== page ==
Iran however insists that its enrichment will be used solely for civilian purposes and thus is only continuing down a legitimate path of any country that wish to have civilian nuclear power:

“The age of nuclear weapons has ended ... We do not need the bomb”

He announced at the UN in New York today. Uranium enrichment if pursued, would take another 3 years minimum upon reaching civilian grade uranium, to become weapons grade uranium; which would then be used for a nuclear weapon. A Carnegieen Dowment estimates:

“ that Iran is 5-10 years away from the ability to enrich enough weapons-grade uranium for a nuclear weapon”

There is some thought that it could be possible to allow Iran to enrich uranium to civilian levels and intervene only if there is any further enrichment which would indicate a decision to make nuclear bombs, though this is not widely supported.

Venezuela and Iran are prominent members of the Non-Aligned Movement. Currently two thirds of the United Nations states are members NAM. Their support for Chavez and Ahmadinejad has been evident throughout the meeting in New York, to the embarrassment of the US. The USA is a proud country and does not tolerate humiliation readily; it is probable that the UN will come increasingly sever strain to change it forum style to try and stop charismatic leaders like Chavez from influential other countries to oppose American policy.

If this happens it would be the greatest failing of democracy since the death of the League Of Nations. The dream of a united world torn apart and left bleeding to it's death.

Monday, September 18, 2006

Dialogue Is The Key...

An upcoming meeting of the United Nations is to be held in New York. One of the main issues of the meeting will be the discussion of what course to take to dissuade Iran from its uranium enrichment activities now that the deadline to stop has been ignored. George Bush is due to make a speech urging the instant application of sanctions, in the hope this will increase pressure to cease its nuclear programme.

It seems George W Bush has not learnt from his father’s mistake in pushing through tough sanctions on Iraq after the first Gulf War. The sanctions of 1991 plunged a country that had been at the forefront of the developing nations into acute poverty; infant mortality rose by a horrifying 160%. These sanctions enforced by the UN under American pressure crippled Iraq in the hope that this would stop any future war occurring against Saddam. It didn't.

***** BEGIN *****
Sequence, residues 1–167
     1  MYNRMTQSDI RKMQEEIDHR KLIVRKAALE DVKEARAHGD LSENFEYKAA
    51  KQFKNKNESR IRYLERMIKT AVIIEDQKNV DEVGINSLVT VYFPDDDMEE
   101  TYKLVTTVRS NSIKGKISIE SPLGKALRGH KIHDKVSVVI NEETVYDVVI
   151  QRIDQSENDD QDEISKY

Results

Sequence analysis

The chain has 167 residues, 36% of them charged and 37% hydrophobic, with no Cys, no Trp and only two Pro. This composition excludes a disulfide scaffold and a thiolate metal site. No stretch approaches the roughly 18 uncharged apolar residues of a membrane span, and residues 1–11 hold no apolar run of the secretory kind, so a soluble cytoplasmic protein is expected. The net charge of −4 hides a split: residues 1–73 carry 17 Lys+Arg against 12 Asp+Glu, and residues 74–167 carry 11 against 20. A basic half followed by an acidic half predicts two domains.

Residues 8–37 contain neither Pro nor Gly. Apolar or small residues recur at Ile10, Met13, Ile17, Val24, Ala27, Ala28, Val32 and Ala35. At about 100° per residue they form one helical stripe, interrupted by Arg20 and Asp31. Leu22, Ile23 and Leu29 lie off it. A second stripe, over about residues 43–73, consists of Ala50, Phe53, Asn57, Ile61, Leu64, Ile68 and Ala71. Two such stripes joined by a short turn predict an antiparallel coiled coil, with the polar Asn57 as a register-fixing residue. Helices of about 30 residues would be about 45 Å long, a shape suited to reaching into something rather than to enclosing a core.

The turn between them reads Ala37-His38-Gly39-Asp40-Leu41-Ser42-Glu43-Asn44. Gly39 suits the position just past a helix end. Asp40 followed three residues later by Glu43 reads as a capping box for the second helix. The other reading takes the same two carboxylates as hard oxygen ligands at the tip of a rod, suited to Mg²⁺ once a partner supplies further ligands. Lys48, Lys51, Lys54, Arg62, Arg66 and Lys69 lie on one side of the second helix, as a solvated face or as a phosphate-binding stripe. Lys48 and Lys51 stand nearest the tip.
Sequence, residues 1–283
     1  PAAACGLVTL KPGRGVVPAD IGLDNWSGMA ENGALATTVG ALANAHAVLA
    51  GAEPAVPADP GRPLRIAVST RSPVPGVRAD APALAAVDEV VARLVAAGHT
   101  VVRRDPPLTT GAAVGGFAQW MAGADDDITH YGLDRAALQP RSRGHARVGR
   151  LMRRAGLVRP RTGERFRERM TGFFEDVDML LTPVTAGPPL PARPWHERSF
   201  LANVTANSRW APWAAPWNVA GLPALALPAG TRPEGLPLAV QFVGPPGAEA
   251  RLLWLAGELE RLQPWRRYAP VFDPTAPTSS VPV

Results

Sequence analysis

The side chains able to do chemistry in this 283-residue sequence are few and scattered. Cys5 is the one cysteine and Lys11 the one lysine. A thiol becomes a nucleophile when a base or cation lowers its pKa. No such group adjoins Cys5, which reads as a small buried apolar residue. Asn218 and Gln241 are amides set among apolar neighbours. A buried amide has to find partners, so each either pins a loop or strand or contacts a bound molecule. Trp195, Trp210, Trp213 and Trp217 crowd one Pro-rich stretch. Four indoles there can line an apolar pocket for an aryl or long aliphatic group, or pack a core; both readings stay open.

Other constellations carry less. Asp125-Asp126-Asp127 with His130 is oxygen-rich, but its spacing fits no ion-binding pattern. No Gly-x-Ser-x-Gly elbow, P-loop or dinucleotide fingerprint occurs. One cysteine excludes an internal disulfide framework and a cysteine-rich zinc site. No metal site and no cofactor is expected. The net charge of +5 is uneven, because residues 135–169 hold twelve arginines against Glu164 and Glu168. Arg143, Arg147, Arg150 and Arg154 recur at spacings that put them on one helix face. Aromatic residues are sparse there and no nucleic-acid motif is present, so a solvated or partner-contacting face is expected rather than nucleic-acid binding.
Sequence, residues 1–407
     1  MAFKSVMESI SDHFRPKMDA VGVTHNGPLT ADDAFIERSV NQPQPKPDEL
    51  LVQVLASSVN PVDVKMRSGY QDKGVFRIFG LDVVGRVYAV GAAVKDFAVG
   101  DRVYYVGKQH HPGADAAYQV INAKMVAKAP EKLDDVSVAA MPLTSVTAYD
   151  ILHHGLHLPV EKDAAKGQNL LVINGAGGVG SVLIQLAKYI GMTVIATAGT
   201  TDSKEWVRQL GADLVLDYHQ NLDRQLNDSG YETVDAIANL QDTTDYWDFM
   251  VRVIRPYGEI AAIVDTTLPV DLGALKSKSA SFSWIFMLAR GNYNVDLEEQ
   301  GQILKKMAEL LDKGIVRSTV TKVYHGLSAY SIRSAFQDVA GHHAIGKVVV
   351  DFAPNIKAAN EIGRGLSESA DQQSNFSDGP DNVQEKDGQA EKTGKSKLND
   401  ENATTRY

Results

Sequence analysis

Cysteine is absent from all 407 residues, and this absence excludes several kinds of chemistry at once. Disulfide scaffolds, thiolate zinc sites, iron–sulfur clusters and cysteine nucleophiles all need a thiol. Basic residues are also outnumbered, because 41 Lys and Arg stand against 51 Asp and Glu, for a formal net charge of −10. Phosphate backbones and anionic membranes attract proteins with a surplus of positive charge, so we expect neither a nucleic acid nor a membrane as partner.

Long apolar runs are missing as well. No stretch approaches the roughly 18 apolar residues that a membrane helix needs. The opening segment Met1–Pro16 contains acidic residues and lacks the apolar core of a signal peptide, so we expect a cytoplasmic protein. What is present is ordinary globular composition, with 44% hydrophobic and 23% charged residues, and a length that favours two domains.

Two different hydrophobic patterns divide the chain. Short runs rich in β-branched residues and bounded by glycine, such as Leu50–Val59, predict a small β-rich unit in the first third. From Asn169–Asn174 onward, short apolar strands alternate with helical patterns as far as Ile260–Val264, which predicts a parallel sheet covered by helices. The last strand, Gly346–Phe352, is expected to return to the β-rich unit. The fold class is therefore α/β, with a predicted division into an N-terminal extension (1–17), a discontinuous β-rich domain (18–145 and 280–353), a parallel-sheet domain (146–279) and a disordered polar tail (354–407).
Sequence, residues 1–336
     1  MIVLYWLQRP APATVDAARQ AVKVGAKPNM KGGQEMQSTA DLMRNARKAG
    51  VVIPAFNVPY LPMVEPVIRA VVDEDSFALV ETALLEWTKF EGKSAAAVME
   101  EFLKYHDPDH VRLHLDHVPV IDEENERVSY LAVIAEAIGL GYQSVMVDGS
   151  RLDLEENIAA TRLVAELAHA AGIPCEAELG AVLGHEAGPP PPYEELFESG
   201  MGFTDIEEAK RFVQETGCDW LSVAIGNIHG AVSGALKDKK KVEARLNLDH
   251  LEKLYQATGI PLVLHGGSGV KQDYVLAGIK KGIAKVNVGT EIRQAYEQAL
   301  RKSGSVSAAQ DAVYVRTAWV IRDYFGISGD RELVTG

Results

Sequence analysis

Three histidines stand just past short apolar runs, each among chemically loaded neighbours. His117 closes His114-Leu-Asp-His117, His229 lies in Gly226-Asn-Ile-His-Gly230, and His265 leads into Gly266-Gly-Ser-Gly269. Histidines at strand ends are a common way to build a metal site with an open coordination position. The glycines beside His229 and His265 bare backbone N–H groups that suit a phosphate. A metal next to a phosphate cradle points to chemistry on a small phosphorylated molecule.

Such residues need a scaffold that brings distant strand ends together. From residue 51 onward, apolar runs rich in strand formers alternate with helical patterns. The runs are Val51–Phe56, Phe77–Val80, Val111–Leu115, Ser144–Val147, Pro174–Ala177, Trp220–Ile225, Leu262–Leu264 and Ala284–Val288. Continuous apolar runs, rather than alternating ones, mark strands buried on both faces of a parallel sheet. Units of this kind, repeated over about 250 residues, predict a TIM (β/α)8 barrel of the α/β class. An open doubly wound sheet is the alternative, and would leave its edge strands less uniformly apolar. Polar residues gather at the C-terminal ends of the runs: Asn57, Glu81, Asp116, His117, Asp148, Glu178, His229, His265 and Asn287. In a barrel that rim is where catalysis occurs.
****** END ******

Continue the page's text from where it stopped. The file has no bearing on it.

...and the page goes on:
Therefore it is with scepticism that one should view these new sanctions; there seems little chance that they will work. If history does indeed repeat itself, another war is in the making. Leading political figures have sided against the USA in opposing sanctions:

"I don't believe in a solution without dialogue," Mr Chirac told Europe-1 radio, urging countries to remove the threat of sanctions against Iran.

Not everyone feels the same way though, a recent FOX report interviewed a prominent human rights campaigner who thought it was a travesty and "the greatest betrayal of democracy" that Iran will be allowed to argue its views at the UN meeting.

One cannot but be amused by this comment; surely allowing everyone regardless of intent a chance to argue their views is the basis of all democracy. If we begin to denounce those who disagree with us, then there is no longer a democracy, there is a dictatorship; next comes war.

Sanctions will not work, war will bring nothing but death; dialogue is the key.

Friday, September 15, 2006

Iran May Suspend It's Nuclear Programme.

Iran has told the European Union that it may suspend it’s uranium enrichment programme to enable talks aimed at resolving the current dispute with the West. Although neither side has confirmed the Iranian offer it is thought that a suspension of the nuclear programme would last roughly two months.

"Iran ... has accepted to talk about the question of suspension.” spokesman Jean-Baptiste Mattei informed news agencies at a regular news briefing

Over recent weeks increasingly strained relationships have developed between Iran and other international states, especially the USA, as Iranian president President Mahmoud Ahmadinejad refuses to back down over Iran’s uranium enrichment activities.

Ahmadinejad claims that the programme is solely for civilian purposes. Legally, a country may enrich its own fuel if it is used solely for civil nuclear power; Tehran argues that is doing just this and thus should be allowed to continue. However critics have fears that Iran has plans for a nuclear weapons programme and will use the uranium enrichment to make atomic bombs.

There is increased dispute within the United Nation as to how to handle Iranian dissidence, especially after Iran ignored a recent UN deadline to call a halt to its nuclear programme. The US is strongly advocating UN sanctions to be imposed immediately. However no immediate action is likely to be taken now that Iran has offered to suspend nuclear activities temporarily. Russia and China, both veto holding member on the security council have stated that they will not support severe punishments.